Gender and the Politics of Smarter Foods
Kimura, Aya Hirata
CollectionKnowledge Unlatched (KU)
For decades, NGOs targeting world hunger focused on ensuring that adequate quantities of food were being sent to those in need. In the 1990s, the international food policy community turned its focus to the “hidden hunger” of micronutrient deficiencies, a problem that resulted in two scientific solutions: fortification, the addition of nutrients to processed foods, and biofortification, the modification of crops to produce more nutritious yields. This hidden hunger was presented as a scientific problem to be solved by “experts” and scientifically engineered smart foods rather than through local knowledge, which was deemed unscientific and, hence, irrelevant. In Hidden Hunger, Aya Hirata Kimura explores this recent emphasis on micronutrients and smart foods within the international development community and, in particular, how the voices of women were silenced despite their expertise in food purchasing and preparation.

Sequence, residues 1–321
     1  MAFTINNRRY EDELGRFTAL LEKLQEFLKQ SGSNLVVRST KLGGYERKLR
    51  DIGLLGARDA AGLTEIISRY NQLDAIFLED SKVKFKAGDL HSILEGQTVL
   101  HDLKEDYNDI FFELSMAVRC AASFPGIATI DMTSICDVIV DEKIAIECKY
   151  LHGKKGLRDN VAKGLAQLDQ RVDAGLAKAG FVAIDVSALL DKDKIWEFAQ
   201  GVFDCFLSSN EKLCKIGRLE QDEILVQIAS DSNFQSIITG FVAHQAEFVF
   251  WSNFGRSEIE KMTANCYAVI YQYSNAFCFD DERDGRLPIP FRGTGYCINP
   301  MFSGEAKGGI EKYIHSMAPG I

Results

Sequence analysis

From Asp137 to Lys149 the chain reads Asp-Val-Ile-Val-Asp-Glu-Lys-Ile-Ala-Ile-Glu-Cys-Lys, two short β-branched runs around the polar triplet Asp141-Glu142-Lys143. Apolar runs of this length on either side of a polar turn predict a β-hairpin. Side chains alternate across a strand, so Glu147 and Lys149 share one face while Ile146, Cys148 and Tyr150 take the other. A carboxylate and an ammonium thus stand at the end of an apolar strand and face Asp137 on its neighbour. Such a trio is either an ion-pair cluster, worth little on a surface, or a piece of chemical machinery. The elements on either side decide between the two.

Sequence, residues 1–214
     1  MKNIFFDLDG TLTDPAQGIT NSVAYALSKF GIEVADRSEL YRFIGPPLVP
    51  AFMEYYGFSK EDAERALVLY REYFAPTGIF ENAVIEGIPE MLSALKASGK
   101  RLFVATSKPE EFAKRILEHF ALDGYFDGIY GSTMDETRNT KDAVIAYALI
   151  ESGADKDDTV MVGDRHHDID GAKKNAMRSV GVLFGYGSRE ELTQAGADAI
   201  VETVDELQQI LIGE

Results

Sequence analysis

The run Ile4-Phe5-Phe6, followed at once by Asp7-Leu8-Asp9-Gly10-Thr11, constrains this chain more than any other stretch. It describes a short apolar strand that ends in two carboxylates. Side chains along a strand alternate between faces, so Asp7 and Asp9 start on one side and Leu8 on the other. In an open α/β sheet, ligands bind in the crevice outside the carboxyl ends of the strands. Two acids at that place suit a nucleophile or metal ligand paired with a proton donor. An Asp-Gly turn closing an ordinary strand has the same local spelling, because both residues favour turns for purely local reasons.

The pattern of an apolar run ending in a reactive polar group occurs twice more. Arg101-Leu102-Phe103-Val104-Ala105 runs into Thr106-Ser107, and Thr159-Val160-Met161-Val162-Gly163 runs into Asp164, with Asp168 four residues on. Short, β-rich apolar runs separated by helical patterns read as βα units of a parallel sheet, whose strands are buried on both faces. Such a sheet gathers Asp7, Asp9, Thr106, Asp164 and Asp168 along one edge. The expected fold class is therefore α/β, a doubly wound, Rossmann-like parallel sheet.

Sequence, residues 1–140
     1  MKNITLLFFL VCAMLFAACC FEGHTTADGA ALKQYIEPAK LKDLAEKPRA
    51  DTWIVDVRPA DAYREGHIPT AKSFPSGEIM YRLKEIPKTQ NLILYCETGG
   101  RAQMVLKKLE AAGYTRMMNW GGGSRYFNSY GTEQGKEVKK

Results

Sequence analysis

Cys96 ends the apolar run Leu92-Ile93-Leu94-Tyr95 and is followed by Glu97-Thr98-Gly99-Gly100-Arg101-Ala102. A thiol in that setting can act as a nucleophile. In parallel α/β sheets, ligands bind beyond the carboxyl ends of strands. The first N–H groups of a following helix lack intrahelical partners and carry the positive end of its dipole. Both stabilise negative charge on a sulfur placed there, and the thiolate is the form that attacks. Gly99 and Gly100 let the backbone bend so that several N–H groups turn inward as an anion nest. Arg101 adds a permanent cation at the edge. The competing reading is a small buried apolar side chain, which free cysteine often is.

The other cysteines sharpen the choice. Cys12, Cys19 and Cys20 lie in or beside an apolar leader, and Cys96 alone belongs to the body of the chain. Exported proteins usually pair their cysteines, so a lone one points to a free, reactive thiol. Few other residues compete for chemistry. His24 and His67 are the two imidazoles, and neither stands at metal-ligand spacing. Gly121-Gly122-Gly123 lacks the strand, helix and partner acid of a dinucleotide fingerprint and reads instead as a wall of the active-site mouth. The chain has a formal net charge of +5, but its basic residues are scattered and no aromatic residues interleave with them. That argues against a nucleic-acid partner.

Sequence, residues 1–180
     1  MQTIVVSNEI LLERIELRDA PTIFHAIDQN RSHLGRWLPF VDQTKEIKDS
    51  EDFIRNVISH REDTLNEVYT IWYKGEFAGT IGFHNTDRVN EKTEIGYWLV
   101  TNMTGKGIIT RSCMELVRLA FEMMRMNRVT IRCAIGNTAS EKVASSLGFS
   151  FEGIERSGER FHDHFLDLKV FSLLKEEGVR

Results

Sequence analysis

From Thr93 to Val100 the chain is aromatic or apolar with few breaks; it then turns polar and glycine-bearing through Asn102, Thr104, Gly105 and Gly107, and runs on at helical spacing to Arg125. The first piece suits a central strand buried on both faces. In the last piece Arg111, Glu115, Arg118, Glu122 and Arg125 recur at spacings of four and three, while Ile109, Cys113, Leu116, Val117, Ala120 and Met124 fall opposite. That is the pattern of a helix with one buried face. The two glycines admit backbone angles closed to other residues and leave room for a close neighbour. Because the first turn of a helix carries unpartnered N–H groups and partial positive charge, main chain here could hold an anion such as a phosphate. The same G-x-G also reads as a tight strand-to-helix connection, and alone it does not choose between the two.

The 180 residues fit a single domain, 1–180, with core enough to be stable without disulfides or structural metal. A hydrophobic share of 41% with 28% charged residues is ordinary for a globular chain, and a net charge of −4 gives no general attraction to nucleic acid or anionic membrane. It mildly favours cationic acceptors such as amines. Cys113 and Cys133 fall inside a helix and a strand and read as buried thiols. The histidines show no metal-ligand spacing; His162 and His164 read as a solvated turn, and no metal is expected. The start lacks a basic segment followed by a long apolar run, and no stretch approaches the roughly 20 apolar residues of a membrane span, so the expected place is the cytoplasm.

KeywordsSociology; NGOs; food policy; asia; indonesia; women; development; nutrition; Golden rice; Micronutrient; Wheat flour
PublisherCornell University Press
Publication date and placeIthaca, NY, 2013-01-22
Food & society